If one thing is clear at Barrick Gold Corp., it is that 84-year-old co-chairman and founder Peter Munk is still very much in charge.
Barrick hired Ammar Al-Joundi as its new chief financial officer on Tuesday, bringing an 11-year company veteran back into the fold and completing a management overhaul at the world’s largest gold company that started earlier this month.
The announcement came just weeks after Mr. Munk announced that Barrick had ousted chief executive officer Aaron Regent and replaced him with Jamie Sokalsky, a 20-year Barrick insider who was promoted from CFO.
“I think after the recent events it’s clear who’s going to be the main boss there,” said George Topping, an analyst with Stifel Nicolaus in Toronto.
Mr. Munk has never strayed far from the helm of Barrick, the company he founded after arriving in Canada as a young immigrant from Hungary. Even after he stepped down as chief executive officer in 1997, Mr. Munk still called the shots at Barrick, while subsequent CEOs struggled to assert full leadership.
Mr. Regent was a 43-year-old superstar CEO at Brookfield Infrastructure Partners in late 2008 when Mr. Munk hired him away. He was regarded as a capable leader at Barrick, which made the June 6 dismissal a surprise to investors. Mr. Munk was clear the board was “disappointed with our share price,” which had wallowed even as the company returned record profits.
Still, investors believe there’s more to it. Some insiders say the two got off to a famous start, but then clashed over growth strategies. Mr. Munk wanted to fuel Barrick’s growth with big, transformative deals. Mr. Regent was more cautious, preferring incremental transactions with a longer-term horizon.
Barrick disputes that characterization. “Any speculation about disagreements over major decisions between Aaron and the Board is totally baseless,” the company said in an e-mailed statement. It also said its “priorities for the year are unchanged,” citing major development projects such as Pueblo Viejo, Pascua-Lama and Jabal Sayid.
“Our goal will be to maximize returns and free cash flow generation through efficient capital allocation,” the statement continued. “With this objective in mind, the company is currently undertaking a full review of all its projects and operations.”
Barrick didn’t provide more details of the review. The company, along with all major mining companies, is grappling with fast-rising costs at some of its big projects.
The bottom line for Mr. Munk is Barrick’s lagging share price. He had become increasingly upset about the slumping stock in recent months, publicly chastising Mr. Regent and the management team at an annual meeting in Toronto just weeks before ousting Mr. Regent.
But the move left investors unsatisfied. Barrick’s stock has fallen another 14 per cent from the day Mr. Regent was replaced.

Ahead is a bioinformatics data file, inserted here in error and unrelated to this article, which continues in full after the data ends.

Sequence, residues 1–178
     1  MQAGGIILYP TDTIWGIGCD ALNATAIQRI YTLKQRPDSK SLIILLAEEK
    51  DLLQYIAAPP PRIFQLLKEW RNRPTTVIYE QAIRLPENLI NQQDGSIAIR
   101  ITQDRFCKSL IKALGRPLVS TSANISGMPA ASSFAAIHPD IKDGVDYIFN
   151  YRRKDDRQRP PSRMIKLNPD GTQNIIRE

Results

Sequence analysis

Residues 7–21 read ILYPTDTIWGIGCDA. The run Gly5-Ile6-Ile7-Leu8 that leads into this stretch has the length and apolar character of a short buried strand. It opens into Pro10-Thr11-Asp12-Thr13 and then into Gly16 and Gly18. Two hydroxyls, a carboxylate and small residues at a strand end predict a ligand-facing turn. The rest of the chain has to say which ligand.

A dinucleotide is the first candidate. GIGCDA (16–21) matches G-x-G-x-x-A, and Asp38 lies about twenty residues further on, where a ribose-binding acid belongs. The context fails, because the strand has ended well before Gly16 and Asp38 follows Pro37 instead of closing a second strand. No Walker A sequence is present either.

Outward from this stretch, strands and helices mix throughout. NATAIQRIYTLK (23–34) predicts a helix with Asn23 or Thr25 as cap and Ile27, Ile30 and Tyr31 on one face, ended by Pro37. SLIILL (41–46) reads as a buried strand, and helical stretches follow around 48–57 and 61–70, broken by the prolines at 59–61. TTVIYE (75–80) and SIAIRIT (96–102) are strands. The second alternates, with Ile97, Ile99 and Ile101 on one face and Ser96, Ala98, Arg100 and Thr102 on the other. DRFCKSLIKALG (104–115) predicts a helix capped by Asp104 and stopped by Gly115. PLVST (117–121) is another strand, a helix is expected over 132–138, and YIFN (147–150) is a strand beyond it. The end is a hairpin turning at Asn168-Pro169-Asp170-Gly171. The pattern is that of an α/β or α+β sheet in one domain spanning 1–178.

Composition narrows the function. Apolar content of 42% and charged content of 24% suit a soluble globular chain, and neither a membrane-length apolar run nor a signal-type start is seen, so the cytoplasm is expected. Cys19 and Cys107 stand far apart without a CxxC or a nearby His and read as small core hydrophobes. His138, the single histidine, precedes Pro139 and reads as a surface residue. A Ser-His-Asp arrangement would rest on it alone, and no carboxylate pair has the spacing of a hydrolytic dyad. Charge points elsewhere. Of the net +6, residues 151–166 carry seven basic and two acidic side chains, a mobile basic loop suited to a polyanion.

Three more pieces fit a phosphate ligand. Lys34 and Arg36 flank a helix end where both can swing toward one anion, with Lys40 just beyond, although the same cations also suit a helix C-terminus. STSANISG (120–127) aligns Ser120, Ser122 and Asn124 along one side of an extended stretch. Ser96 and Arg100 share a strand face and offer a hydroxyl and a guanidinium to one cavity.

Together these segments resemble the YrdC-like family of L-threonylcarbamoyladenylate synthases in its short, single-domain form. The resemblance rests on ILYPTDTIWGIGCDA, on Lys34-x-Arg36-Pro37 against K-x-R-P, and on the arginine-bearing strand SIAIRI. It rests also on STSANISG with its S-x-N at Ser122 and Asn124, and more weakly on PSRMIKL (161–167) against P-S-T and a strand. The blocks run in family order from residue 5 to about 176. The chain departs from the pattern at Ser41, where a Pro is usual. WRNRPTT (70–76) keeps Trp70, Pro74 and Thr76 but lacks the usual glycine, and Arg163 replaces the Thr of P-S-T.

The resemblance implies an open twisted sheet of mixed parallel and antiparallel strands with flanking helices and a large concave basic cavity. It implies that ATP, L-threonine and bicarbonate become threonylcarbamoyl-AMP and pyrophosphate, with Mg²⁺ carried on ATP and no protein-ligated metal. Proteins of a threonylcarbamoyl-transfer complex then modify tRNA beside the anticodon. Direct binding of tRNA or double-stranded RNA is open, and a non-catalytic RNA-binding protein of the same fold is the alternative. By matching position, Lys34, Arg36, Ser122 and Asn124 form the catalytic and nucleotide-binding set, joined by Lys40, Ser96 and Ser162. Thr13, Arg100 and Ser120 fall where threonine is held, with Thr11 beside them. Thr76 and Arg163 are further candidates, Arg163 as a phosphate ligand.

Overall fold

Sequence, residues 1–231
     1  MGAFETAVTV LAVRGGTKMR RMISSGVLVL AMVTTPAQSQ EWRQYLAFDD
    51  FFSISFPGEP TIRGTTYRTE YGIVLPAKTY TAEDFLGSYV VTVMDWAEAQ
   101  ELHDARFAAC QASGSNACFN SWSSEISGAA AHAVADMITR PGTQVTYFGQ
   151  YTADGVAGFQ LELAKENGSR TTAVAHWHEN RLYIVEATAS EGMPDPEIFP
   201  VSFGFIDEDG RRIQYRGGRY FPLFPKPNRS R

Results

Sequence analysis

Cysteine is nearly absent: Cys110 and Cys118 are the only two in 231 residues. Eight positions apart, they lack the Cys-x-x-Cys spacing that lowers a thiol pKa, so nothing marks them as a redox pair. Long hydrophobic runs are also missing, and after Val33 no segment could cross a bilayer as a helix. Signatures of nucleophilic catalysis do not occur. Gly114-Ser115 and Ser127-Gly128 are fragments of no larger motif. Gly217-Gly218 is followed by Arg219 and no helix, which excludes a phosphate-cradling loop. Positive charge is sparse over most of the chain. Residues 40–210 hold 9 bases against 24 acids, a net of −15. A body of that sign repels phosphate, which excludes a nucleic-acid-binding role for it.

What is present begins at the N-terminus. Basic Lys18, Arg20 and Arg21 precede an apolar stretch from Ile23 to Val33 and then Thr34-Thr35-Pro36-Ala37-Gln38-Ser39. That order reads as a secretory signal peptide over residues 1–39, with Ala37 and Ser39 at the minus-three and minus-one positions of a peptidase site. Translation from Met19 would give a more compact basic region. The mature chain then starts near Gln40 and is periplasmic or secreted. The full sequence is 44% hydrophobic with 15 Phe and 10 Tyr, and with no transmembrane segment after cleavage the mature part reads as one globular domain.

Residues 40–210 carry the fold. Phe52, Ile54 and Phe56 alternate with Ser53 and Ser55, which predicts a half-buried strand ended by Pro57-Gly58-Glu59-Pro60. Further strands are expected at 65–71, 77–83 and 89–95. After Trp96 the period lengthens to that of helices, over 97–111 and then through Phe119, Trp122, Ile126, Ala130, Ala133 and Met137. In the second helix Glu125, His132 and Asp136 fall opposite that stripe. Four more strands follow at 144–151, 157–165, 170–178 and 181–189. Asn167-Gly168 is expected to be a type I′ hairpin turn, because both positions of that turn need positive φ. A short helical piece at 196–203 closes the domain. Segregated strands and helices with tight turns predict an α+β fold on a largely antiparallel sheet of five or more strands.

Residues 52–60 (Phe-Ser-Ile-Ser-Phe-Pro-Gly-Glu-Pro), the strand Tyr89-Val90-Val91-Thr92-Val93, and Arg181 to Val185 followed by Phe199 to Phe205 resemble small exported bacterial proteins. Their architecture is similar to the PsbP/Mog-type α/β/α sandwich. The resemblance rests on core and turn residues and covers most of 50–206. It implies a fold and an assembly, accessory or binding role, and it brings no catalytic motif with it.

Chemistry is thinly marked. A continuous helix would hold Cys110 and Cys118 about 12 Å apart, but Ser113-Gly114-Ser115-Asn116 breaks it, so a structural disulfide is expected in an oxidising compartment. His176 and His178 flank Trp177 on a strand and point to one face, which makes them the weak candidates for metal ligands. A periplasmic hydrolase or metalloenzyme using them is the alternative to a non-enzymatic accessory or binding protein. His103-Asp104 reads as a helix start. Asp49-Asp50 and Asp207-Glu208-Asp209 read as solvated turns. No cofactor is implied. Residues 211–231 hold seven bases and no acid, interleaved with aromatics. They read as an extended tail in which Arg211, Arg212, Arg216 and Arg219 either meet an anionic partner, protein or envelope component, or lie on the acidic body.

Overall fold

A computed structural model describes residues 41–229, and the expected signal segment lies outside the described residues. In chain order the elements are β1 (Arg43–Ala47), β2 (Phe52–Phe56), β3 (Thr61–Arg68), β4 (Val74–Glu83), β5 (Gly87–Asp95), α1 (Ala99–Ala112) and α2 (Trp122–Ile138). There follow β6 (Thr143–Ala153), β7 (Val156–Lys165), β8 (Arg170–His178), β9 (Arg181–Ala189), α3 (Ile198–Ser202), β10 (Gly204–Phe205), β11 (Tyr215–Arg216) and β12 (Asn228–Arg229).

“It was a surprise and I think the stock reaction also tells you that if Aaron had been the problem, then removing him should have led to a positive stock reaction,” Jorge Beristain, managing director for metals and mining research at Deutsche Bank Securities Inc in New York, said after Mr. Regent was dismissed. “I think a big part of that can be blamed on the information vacuum that has been created by his departure ... I certainly haven’t heard a concrete explanation as to why he was ousted.”
It’s not clear what finally made Messrs. Munk and Regent part ways, but several people with knowledge of the company and its strategy say the relationship was first strained in early 2011 when Barrick announced the $7.3-billion acquisition of Equinox Minerals, a copper company.
The all-cash deal was driven by Mr. Munk and his long-loyal board, and Mr. Regent was under pressure to champion the deal.
Stalwart gold investors criticized it as a departure from Barrick’s focus on gold mining – even though the company already owned other mines with copper output. Barrick’s market value sank by billions of dollars in the weeks after the deal was announced.
Mr. Regent is described by friends and former colleagues as a consummate diplomat who is loyal to a fault but not afraid to hold his ground. As a rugby player at the University of Western Ontario, he was described as a creator of opportunities, and he is said to have maintained those qualities as an executive.
Many Barrick investors say they trust in Mr. Munk’s instincts.
“I look at Barrick and say, okay, there are two possibilities, that Regent got fired because there is something that is not in the open yet, or because the board felt they could get more out of the existing leadership,” said Tim Logan, a Barrick shareholder and a portfolio manager at Cockfield Porretti Cunningham in Toronto.
“I have a feeling this is an aggressive board, and I’m okay with that because the assets are good assets and it would be a sloppy board that could really destroy value in great assets.”